Game 5 Disappointment
Not much to say about last night's San Jose Sharks/Detroit Red Wings game. For 2 periods San Jose was by far the better team, making Detroit look like a team of zombies which, considering their age and injuries, might not be too far off the mark. For two periods the Sharks look unstoppable. Problem is there are 3 periods in hockey, and the team that came out in the third period wasn't the same as the one from the first 2. It was as if the teams had changed sweaters, that's how different the 3rd period was.
Through 2 periods San Jose controlled the puck more, spent more time in the offensive zone, and just seemed the calmer, faster, harder working team on the ice. We scored first in the first period, then again in the second for a 2-0 lead. Detroit would score late in the 2nd, but we were still in the lead, but more telling we were dominating play. The start of the 3rd saw us going up 3-1, for what I think is the Sharks biggest lead of the series. And seeing how all the games had been decided by 1 goal, this was a wipe out. I was guilty of thinking who I'd rather see in the next round Vancouver or Nashville.
Then the problems started happening. You saw Detroit spending more time in our defensive zone, there was a more frantic pace from the Sharks players trying to ward off Detroit. But even when Detroit scored to make it 3-2 I thought we'd finish it out. Even at 3-3 I was thinking we'd right the ship and score the game winner. Even when we were down 4-3, with a handful of seconds left on the clock I was picturing a Patrick Marleau game tying goal (as he did quite often down the stretch) to send us to overtime, where everyone knows the Sharks own OT. Instead we're looking at game 6. In Detroit. The building where Stanley Cup dreams die, unless you're a Red Wing.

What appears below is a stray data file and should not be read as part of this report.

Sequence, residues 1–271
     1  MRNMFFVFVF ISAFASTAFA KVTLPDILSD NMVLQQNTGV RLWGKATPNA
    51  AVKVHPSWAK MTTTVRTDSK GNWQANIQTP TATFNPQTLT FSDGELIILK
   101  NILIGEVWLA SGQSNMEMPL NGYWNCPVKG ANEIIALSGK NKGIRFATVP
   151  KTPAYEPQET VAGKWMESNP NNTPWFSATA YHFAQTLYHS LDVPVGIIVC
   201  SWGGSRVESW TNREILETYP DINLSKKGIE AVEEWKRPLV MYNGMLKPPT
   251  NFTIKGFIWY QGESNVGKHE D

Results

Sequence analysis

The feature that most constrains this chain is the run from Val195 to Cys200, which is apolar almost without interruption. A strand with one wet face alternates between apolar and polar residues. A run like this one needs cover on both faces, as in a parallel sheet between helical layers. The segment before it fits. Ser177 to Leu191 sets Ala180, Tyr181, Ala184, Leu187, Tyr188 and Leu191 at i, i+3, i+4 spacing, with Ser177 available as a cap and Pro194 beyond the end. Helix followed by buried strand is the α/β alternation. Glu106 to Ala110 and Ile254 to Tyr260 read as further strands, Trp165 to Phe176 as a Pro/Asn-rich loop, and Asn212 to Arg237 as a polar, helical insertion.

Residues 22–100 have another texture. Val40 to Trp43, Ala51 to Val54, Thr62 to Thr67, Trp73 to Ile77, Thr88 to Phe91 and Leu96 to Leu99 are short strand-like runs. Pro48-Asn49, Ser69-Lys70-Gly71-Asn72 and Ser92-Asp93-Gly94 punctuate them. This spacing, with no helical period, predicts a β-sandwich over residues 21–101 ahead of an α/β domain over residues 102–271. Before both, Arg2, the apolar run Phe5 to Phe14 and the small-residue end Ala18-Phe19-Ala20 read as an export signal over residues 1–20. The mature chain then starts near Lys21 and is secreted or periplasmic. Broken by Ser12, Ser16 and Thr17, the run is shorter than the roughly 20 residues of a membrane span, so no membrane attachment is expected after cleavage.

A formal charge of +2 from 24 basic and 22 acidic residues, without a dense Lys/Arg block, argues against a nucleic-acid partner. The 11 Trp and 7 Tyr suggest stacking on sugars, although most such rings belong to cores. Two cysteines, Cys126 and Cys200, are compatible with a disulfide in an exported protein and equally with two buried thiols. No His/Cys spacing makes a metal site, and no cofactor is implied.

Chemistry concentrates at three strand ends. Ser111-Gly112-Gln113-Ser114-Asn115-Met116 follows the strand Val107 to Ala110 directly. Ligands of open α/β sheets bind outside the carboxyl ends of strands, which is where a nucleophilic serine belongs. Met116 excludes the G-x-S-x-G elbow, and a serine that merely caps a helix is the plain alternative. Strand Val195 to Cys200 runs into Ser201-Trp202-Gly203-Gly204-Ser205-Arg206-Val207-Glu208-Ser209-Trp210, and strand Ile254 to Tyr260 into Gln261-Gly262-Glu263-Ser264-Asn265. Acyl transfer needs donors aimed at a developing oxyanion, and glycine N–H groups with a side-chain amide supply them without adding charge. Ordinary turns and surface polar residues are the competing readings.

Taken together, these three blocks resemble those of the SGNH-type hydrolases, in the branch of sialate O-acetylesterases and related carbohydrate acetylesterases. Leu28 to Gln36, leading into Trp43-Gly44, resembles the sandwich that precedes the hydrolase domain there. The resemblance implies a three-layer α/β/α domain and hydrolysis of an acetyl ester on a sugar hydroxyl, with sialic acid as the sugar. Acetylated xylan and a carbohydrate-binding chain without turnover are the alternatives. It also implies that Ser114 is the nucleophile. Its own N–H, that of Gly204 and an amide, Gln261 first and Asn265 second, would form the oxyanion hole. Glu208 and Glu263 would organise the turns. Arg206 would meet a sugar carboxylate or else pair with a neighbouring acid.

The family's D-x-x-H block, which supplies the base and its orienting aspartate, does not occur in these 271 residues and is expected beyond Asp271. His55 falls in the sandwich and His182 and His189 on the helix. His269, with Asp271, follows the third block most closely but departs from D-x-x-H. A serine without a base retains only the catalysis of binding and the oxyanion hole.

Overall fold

Now you figure it's bad enough for Sharks and Sharks fans to have to deal with that loss, but to have an ex-player, and a very visible one at that, call one of the Sharks stars "gutless" on national TV is just a whole other type of problem. Jeremy Roenick is that rare hockey player who made a career out of solid play and speaking his mind, at time bluntly, about the league, the game and his teammates. He's not the most talented hockey player in the world, but he was hard working, and for the most part a fan favorite because he wore his emotions on his sleeve for all to see. Patrick Marleau couldn't be more opposite of him. He's quiet, he's extremely talented, and he's fast. They're both hardworking, and they're both fan favorites. Here's Roenick's words:
Patrick Marleau has been my favorite player on the Sharks for most of his time there, but I feel he, along with the rest of team, has struggled in the playoffs. He's been unable to find that next gear that is needed in the post-season. He finds it occasionally though, and when he does he can dominate. Last year against Chicago he was the only Shark who could score. Sadly it wasn't enough as Chicago beat us, but he's shown that he can take over and make things happen. This series he's got 0 points. That's no assists, and no goals. He hasn't been useless, I don't think. He's been creating traffic in front of the goalie, he's been good on creating opportunities, and been good defensively. Last night though he looked horrible on the game winning goal for the Red Wings as he had the puck stripped off of him by a known injured player, and just looked bad trying to get it back unsuccessfully. Do we need more from Patrick Marleau? Yes. Is he capable of showing us more? Yes. Is he gutless? No. As Drew Remenda said in a post game segment on CSN California, criticize the play, not the player. The play of Patrick Marleau is lacking, and there's no doubt he knows it. Will game 6 be the game where he shows up? The Sharks sure hope so.